I’ll be participating in a round table discussion called ‘Startup 101’ being put on by the nextNY organization. If you’re in the NY area and thinking of starting a business or just getting started with one then you should signup on the wiki. I’m the MicroISV representative if you will, but they’ll be some VC/Angel guys as well as other slightly larger startups.
I haven’t run this report yet so I thought it might be interesting. I guess it’s pretty much what I expected. International sales were very strong during the first few months and have since been overtaken by US sales. An interesting note though is that several of the largest sales have been to international customers.
“I know that “no specs” is very big right now, with high-profile designers insisting that you don’t need to do any kind of documenting or specs, that you just need to make a few sketches and then start writing HTML prototypes, re-writing it until the customer likes it. This sounds suspiciously like the code-and-fix model, which we all know is garbage. Even worse, it sounds like undisciplined, hippy-dippy, egocentric, “I am an artiste” thinking. In fact, I dare say that it is non-design. For God’s sake, people, we’re in a pseudo-engineering profession. Act like it. Plan your work ahead of time, at least the important parts of it.”
I’d also add that the no spec folks tend to generally be talking about in house projects with very small teams. I’ve done no spec work with consulting clients and it’s a total nightmare.
Our buddy Kevin is selling a TurboGears DVD full of screencasts to help support his continued work on TurboGears. If you’re a Python guy you should throw him a little support. I’ve already purchased the supporter level package so I get my name and logo on the DVD AND a free toolbox. Pretty cool!
We all have a few old domains sitting around (don’t we?). I was looking at mine and thought it may be interesting to share a story of a business that never was and may never be.
One of the first ideas I had years ago for a startup was to build a small business intranet application. I have two domains for this idea, sbintranet.com and smallbusinessintranet.com. I came up with this after having developed a few intranets for my job and clients. The intranets were immediately useful and I think a no brainer for any small business.
I even started coding this, but eventually lost steam. It was the end of the dotcom era and with so many intranet companies going under I figured it may be the wrong time. It was the wrong time in my life to take it on anyway so it’s probably better off.
Looking back though I understand even better why it wouldn’t have worked. The problem with intranets for a small business is that small businesses don’t know about intranets and what they can do for you. Hence they’re not looking for intranets. Hence it’s damn hard to get sales! Especially in a bootstrapping scenario where finances for advertising would be limited to none.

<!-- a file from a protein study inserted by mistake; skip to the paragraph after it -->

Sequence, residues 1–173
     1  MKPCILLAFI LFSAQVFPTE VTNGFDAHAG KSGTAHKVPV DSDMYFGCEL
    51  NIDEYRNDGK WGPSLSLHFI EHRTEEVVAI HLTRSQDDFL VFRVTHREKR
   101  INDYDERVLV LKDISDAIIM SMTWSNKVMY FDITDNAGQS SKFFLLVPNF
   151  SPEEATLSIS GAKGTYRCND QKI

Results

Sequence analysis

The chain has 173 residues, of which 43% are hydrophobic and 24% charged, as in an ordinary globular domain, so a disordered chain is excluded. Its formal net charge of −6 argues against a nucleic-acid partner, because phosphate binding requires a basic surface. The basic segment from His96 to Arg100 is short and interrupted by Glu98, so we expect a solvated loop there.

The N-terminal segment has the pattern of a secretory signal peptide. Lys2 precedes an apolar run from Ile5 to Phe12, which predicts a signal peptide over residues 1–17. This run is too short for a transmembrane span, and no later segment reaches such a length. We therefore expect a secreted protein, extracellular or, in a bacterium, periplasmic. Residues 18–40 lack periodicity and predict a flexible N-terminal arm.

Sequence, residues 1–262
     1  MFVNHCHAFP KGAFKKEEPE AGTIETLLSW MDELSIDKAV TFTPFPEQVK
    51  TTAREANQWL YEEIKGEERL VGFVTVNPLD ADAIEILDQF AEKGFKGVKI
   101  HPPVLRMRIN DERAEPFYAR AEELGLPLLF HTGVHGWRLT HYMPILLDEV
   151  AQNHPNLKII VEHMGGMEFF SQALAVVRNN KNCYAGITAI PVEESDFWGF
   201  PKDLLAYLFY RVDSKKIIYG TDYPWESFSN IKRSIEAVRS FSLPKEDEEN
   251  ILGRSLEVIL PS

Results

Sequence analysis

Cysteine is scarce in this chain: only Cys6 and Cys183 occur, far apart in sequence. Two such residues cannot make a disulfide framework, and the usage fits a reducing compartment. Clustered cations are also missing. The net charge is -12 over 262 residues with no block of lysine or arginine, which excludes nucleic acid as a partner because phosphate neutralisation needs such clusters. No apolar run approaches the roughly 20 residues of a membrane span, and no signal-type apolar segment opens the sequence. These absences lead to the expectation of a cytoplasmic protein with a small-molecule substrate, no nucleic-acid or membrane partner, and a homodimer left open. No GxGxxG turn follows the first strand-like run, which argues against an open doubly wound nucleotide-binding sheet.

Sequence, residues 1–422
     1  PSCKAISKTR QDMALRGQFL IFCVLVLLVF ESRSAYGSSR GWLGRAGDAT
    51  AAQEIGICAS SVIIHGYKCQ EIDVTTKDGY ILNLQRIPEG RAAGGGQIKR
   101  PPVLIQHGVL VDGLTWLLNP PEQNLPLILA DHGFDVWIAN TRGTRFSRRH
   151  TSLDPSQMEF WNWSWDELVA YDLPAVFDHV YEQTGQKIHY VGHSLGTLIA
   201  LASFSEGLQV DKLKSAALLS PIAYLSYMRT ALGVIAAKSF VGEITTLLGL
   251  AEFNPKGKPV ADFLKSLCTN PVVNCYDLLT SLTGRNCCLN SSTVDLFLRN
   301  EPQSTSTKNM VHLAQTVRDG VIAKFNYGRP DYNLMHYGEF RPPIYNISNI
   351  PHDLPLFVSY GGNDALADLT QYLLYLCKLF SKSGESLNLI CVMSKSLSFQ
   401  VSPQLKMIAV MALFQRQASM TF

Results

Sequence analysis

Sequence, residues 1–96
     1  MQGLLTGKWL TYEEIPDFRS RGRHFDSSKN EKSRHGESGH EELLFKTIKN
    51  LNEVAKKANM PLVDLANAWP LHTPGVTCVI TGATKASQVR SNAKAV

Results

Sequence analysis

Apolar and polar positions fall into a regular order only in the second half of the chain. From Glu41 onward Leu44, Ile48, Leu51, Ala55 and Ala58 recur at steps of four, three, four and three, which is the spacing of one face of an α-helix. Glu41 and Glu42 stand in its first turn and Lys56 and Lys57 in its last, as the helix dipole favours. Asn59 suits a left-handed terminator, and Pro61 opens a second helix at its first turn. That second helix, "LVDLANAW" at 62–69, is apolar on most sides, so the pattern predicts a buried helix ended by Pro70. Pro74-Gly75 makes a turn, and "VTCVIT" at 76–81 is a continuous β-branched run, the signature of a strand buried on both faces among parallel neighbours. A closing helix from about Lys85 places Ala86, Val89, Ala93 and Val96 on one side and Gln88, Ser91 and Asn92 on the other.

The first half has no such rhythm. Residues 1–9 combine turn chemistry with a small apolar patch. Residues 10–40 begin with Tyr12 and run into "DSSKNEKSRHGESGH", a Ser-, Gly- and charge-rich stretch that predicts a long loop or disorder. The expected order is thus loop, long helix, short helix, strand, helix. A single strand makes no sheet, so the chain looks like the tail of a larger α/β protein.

I always keep this idea on the back burner though. I think the communication possibilities in a small business are huge, especially now with the rise of wiki’s and ajax based chats. Perhaps in a few years the time will be right.
LibraryThing nails down a big investment by Abebooks. The LibraryThing blog has been the best MicroISV reading around the last few months. I hope he keeps it up.
A great take away for aspiring ISV’s out there is that his site is not for geeks. Unbelievably there’s actually money in other software niche’s!
Doug dropped me a nice note today about HelpSpot. His site, BackupMyBlog, got featured on TechCrunch which sent him a huge amount of traffic and new clients. Of course with new clients comes new questions and he wanted to let me know that the RSS features of HelpSpot helped him make short work of the new requests. I love getting those kinds of emails, makes it all worthwhile.
On a side note, Doug is here on the east coast with me and we’re thinking of building an Ark if anyone else wants in. As I noted to him I can’t swim so I truly need one 🙂
“As I evaluate new startups these days Iâ€™m finding it harder and harder to see the big ideas that will appeal to a large, non-geek consumer audience.” – Redeye VC
I couldn’t agree more. The problem is they’re building products which don’t solve problems. They’re just “cool”. Worse yet is that many of them are simply poor copies of other “cool” sites that had only the thinest purpose to being with.